|USNS Mission Santa Ynez (T-AO-134)|
|Name:||Mission Santa Ynez|
|Builder:||Marinship Corporation, Sausalito, California|
|Laid down:||9 September 1943|
|Launched:||19 December 1943|
|Commissioned:||13 March 1944|
|Fate:||In transit to scrappage|
|Class & type:||Mission Buenaventura-class oiler|
5,532 long tons (5,621 t) light|
21,880 long tons (22,231 t) full
|Length:||524 ft (160 m)|
|Beam:||68 ft (21 m)|
|Draft:||30 ft (9.1 m)|
|Propulsion:||Turbo-electric, single screw, 6,000 hp (4.47 MW)|
|Speed:||16.5 knots (30.6 km/h; 19.0 mph)|
|USNS Mission Santa Ynez Set from Flickr, uploaded by Robert Hart|
|USNS Mission Santa Ynez in Drydock (Flash format) from YouTube, uploaded by Delfinmar|
SS Mission Santa Ynez was a Type T2-SE-A2 tanker built for the United States Maritime Commission during World War II. After the war she was acquired by the United States Navy as USS Mission Santa Ynez (AO-134). Later the tanker transferred to the Military Sea Transportation Service as USNS Mission Santa Ynez (T-AO-134). A Mission Buenaventura-class oiler, she was named for Mission Santa Inés located in Solvang, California. The Mission Santa Ynez, the last T-2 tanker in existence, was stored at Suisun Bay as part of the Suisun Bay Reserve Fleet from 1975 until April 2010 when a lawsuit forced the U.S. Maritime Administration (MARAD) to remove her. The tanker was transported to a ship recycling facility in Brownsville, Texas via the Panama Canal in May 2010 for scrapping by Esco Marine.
Mission Santa Ynez was laid down 9 September 1943 under a Maritime Commission contract by Marinship Corporation, Sausalito, California; launched 19 December 1943; sponsored by Mrs. Ralph K. Davies; and delivered 13 March 1944. Chartered to Pacific Tankers, Inc., for operations, she spent the remainder of the War carrying fuel to our forces overseas. She remained in this capacity until 28 March 1946 when she was returned to the Maritime Commission and laid up in the Maritime reserve Fleet at James River, Virginia. Acquired by the Navy 22 October 1947 she was placed in service with the Naval Transportation Service as Mission Santa Ynez (AO-134). Taken over by the newly created Military Sea Transportation Service 1 October 1949 she was redesignated USNS Mission Santa Ynez (T-AO-134). Chartered to Mathiasens Tanker Industries, Inc., for operations, she entered the Maritime Administration's Suisun Bay Reserve Fleet on 6 March 1975. She is the last T-2 tanker extant. Towed from the Maritime reserve Fleet at Suisun Bay, California on March 31, 2010 headed for dismantling in Texas via the Panama Canal. During her active duty, she was awarded the National Defense Service Medal (twice), the Korean Service Medal, the United Nations Service Medal and the Republic of Korea War Service Medal (retroactively).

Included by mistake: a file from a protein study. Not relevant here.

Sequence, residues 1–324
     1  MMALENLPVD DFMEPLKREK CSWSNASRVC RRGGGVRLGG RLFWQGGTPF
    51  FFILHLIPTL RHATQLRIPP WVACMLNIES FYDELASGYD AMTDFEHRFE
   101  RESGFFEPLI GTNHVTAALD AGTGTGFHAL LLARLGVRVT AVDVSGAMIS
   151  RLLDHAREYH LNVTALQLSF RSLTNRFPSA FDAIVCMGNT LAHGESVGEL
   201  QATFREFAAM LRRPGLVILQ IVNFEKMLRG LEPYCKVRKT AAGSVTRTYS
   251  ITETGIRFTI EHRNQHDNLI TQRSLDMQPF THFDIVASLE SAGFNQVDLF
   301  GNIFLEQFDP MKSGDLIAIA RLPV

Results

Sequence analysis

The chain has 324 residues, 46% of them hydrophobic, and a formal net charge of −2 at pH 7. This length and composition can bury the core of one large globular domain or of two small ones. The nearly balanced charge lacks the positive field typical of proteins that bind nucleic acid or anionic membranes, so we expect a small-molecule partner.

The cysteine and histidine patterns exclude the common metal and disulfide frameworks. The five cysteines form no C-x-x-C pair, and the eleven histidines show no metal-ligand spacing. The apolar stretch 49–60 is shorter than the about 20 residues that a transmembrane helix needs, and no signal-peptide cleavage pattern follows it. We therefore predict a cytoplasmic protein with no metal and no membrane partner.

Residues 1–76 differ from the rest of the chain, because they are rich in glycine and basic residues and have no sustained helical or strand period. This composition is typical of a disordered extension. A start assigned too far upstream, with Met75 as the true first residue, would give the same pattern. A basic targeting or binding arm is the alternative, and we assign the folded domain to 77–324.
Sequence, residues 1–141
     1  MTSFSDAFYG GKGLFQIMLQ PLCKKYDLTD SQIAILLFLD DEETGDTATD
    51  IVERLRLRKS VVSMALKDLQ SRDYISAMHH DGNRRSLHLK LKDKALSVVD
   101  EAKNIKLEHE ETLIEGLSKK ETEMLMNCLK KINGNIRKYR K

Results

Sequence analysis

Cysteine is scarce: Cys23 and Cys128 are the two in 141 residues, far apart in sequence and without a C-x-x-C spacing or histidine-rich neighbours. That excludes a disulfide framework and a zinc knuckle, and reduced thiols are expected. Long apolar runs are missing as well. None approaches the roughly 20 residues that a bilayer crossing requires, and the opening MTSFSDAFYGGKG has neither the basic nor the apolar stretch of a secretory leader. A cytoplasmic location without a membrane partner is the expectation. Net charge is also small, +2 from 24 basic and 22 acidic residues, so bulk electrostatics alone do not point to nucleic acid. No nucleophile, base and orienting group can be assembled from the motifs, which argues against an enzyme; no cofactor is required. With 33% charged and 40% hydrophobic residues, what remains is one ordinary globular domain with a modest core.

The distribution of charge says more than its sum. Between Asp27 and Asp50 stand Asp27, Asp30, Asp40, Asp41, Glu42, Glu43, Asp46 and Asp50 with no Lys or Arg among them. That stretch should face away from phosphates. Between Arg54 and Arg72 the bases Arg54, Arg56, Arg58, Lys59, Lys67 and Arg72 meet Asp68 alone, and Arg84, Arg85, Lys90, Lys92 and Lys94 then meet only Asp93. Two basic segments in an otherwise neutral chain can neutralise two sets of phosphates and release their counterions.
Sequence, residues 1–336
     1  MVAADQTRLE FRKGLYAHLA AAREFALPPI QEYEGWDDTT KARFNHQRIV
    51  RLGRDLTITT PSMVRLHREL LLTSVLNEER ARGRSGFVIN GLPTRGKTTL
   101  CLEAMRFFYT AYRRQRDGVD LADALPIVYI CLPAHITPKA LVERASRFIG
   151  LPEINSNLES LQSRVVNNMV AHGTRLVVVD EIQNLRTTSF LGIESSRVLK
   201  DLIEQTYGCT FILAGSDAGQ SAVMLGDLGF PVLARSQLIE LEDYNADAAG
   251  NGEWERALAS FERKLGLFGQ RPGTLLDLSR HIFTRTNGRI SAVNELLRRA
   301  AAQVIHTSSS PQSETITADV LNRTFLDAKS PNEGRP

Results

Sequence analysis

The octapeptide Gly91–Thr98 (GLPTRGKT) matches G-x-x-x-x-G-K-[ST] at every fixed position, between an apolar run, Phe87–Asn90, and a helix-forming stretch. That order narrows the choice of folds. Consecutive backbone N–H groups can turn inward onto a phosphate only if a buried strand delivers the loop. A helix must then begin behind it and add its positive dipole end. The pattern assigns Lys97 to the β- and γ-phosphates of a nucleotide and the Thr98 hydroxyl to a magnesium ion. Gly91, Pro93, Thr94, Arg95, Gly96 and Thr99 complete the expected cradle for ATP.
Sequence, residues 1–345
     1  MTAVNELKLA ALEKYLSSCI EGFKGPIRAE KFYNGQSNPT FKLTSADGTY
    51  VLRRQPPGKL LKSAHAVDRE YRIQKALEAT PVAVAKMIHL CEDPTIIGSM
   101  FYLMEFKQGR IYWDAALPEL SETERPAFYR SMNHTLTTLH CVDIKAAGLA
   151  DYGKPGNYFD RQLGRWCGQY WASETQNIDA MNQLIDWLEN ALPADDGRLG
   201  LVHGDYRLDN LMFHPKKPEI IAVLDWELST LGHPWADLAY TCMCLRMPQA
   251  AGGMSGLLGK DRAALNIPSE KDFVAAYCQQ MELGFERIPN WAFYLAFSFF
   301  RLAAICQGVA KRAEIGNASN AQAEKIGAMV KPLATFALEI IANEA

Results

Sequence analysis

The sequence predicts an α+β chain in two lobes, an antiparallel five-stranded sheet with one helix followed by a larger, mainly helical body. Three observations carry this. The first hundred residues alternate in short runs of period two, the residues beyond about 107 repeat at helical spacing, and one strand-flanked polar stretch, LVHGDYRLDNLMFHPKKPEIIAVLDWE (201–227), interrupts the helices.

This article incorporates text from the public domain Dictionary of American Naval Fighting Ships.
- <templatestyles src="Module:Citation/CS1/styles.css"></templatestyles>"Mission Santa Ynez". Dictionary of American Naval Fighting Ships. Retrieved April 1, 2006.[dead link]
- <templatestyles src="Module:Citation/CS1/styles.css"></templatestyles>"T-AO-134 / AOT-134 Mission Santa Ynez". Fleet Oiler (AO) Photo Index. Retrieved April 1, 2006.[dead link]
Property Management and Archive Record System Website
- <templatestyles src="Module:Citation/CS1/styles.css"></templatestyles>"PMARS Ship Record Detail - MISSION SANTA YNEZ". U.S. Maritime Administration's Property Management and Archive Record System Website. (This link includes two large and recent photographs of her while moored at the Suisun Bay Reserve Fleet). Retrieved August 21, 2007.
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